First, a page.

Tag Archives: strategy

A Golden Rule Going Social with Social Media

6 Mar

When asked what the business rules about Social Media are, I am stupefied. I tried high and low to search what there is about such “rules” and even attempted to define what such rules are by labeling them “always-never” business rules.

I realized I cannot know what the Social Media business rules are.

There are numerous guides, experiences, recommendations, and great stories about successful ventures using Social Media. But it seems to me, after searching, there are no rules. What there is are practices that have worked in particular fields of industries that have advanced faster in the use of it.

One such field is media marketing, akin to advertising which is in essence marketing communication.

However, Social Media do not comprise all of the Social Web and its technologies alone.  It denotes three general areas of the social sphere of the Web: relevancy (by strict definition, usefulness); networks (people); and last, the media as the communication vehicle of people to exchange or share objects that are meaningful among people–at a certain space of time at a certain location.

Digital strategist Mark Smiciklas of Intersection Consulting depicts the social media as the tactic and mere tip of the Social Media Iceberg. He has combined the aspects of business, people, and efficacy of social media into a strategy framework–a balanced scorecard that stacks up a range of activities in the entire social media value chain.

Social Media Iceberg presented by Mark Smiciklas | Intersection Consulting

Social media tactics are merely the tip of the iceberg | Mark Smiciklas | Intersection Consulting

What lies underneath the use of  social media are strategic components to make the media work: how it really can work with people and how people must work it up.

Organizations that adopt social media may employ the best and brightest people. A lot has done it. And many businesses have deployed good social media marketing efforts.  But in many other organizations, people and strategy may be hamstrung by their own organizational inertia, multilayered hierarchies, cumbersome decision processes, lack of focus, setting off-tangent or mis-aligned goals, or simply having little perspective to tackle the complexities to take on a culture that promotes successful use of Social Media: being open or cutting across function silos.

Social media marketing efforts succeed because they are driven by marketers. That has always been the way advertising works. At a future state of maturity of Social Media in business,  however, gatekeepers of product or brand management may become at a certain point the bottleneck in catapulting the true potential of Social Media.

Book author David Vinjamuri, president of  ThirdWay Brandtrainers, states in his article “Want to Open a Dialogue with Consumers? Start from Within” that the challenge for many organizations is that in the last decade, digital and interactive media [social media in today’s guise], was often “greenhoused”–assigned to a small group with an independent budget.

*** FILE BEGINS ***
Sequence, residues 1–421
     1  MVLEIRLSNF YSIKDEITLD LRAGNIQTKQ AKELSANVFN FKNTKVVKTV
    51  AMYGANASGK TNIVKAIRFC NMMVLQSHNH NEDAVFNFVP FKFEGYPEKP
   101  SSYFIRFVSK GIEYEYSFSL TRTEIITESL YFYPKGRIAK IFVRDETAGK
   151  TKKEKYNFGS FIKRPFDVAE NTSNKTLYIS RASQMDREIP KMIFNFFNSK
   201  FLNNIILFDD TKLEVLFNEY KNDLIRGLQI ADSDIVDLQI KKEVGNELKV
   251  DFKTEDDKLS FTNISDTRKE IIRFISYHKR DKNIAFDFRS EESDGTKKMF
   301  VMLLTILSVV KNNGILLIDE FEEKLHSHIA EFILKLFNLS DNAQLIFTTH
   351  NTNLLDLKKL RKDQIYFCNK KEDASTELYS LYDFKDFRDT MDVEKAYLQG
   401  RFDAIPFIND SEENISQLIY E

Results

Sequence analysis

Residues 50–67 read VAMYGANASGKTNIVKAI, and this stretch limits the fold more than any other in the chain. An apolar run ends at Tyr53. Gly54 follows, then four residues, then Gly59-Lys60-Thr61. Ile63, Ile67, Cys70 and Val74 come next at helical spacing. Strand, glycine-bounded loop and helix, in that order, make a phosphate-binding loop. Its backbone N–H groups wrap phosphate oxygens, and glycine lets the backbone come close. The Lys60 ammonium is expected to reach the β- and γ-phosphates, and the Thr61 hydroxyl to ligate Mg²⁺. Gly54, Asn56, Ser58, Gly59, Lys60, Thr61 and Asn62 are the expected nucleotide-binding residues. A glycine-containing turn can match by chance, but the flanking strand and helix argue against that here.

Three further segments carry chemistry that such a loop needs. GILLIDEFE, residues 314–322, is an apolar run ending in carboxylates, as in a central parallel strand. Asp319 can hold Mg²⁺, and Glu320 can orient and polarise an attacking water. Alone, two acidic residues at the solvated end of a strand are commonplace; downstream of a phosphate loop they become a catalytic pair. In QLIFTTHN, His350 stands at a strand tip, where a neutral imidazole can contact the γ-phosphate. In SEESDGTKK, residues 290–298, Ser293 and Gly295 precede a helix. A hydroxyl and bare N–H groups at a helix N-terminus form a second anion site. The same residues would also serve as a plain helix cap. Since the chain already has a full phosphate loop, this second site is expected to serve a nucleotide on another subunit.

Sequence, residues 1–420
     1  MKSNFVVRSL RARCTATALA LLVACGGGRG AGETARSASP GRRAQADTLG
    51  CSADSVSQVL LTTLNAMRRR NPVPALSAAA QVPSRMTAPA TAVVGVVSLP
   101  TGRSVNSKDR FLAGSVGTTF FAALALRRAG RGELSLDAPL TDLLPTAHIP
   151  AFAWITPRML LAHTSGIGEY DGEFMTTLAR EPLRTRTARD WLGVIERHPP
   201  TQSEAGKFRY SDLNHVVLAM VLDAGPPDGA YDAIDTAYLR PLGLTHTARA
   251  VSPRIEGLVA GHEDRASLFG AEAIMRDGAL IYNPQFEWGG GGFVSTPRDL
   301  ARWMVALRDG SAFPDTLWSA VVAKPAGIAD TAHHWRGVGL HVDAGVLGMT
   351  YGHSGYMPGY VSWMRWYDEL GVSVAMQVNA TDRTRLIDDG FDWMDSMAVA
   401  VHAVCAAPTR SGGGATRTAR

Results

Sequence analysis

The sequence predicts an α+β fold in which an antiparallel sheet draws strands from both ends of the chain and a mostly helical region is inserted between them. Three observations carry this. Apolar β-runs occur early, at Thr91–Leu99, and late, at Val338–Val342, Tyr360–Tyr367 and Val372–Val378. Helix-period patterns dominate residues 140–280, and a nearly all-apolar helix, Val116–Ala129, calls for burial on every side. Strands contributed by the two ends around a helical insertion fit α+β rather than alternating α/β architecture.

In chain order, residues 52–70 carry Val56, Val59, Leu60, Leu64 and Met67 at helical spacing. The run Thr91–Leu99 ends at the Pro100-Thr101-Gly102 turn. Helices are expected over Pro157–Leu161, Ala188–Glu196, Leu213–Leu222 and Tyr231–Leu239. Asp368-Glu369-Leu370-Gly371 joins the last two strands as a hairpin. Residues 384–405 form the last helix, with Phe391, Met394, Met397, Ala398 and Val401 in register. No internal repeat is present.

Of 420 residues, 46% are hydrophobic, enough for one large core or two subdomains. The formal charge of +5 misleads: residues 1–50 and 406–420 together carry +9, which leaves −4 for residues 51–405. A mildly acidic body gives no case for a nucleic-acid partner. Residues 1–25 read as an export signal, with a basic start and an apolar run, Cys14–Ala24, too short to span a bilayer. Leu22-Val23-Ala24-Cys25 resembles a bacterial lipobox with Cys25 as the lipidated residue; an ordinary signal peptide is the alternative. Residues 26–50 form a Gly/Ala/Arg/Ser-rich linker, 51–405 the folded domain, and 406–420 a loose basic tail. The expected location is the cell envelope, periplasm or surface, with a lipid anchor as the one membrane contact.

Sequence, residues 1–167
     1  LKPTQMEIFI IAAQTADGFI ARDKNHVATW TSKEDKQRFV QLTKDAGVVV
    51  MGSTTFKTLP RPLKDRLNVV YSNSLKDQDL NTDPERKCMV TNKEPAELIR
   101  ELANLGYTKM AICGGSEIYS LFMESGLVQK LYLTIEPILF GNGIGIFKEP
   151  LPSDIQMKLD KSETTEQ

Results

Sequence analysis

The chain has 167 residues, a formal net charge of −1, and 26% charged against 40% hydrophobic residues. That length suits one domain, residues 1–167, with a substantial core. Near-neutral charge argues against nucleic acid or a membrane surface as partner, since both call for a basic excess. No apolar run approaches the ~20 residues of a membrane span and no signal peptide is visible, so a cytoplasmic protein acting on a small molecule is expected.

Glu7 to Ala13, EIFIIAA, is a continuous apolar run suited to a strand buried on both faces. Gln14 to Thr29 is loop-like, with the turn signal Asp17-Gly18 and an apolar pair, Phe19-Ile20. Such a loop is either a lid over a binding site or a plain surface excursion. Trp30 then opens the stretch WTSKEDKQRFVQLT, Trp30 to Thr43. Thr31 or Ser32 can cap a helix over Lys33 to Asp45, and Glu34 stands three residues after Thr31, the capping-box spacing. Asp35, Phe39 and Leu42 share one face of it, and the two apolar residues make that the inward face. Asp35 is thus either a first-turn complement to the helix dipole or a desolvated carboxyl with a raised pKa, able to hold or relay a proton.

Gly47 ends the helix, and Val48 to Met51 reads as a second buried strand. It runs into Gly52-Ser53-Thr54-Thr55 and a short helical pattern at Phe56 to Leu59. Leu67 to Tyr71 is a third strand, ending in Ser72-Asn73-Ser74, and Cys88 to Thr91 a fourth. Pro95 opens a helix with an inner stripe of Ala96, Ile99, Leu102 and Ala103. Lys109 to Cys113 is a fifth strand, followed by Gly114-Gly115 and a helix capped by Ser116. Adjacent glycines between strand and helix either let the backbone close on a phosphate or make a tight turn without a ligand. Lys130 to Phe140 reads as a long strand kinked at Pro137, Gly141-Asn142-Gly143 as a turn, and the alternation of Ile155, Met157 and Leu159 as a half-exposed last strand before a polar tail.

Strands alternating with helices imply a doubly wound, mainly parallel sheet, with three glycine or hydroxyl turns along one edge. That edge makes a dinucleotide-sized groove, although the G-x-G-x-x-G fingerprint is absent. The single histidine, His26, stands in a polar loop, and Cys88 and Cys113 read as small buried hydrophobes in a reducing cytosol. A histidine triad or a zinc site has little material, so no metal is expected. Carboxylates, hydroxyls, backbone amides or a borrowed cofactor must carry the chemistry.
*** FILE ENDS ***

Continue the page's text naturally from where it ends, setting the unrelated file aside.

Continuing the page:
Acting like media networks, with marketing akin to it, groups within companies who “own the media networks” come flat without real great block-timer shows to put up. There are always the social media actuators but with few social media actors.

Following the traditional media network mind set: while there might be producers of  ” shows” on social media, the shows must have a good concept, a compelling script, a campaign-able story line, and the most important component of all to have great actors who will portray the heart and soul of the story.

An audience to such great shows attach themselves to the actors–seldom with the backstage or production people–even with the show’s directors or producers.

The big difference though between media network shows and a social media “show” is in social media story, producer, writer, director and actor can be one and the same–whether they be people within an organization, or corporations, or individuals like you and me.

In his book Accidental Branding: How Ordinary People Build Extraordinary Brands, David Vinjamuri underscores the singularity of  brands’ stories as told by its creators. Such moving stories create new meanings as stories are passed from one audience to another. Audience becomes storyteller themselves. And on and on can stories ripple out to people who will build upon these brands’ new contexts and relevance.

In all so far that I have observed, nameless people are the true actors, our storytellers and audience at the same time, on Social Media–in their own contexts of space, time, and with their own things or stories to share.

There is not one shoe that fits. People are the Golden Rule of Social Media.

My appreciation to Mark Smiciklas for allowing me to use his Social Media Iceberg. And to David Vinjamuri who has inspired  me via his book and insights about Social Media in marketing.

“Always-Never” Business Rules of Social Media [Marketing]

19 Feb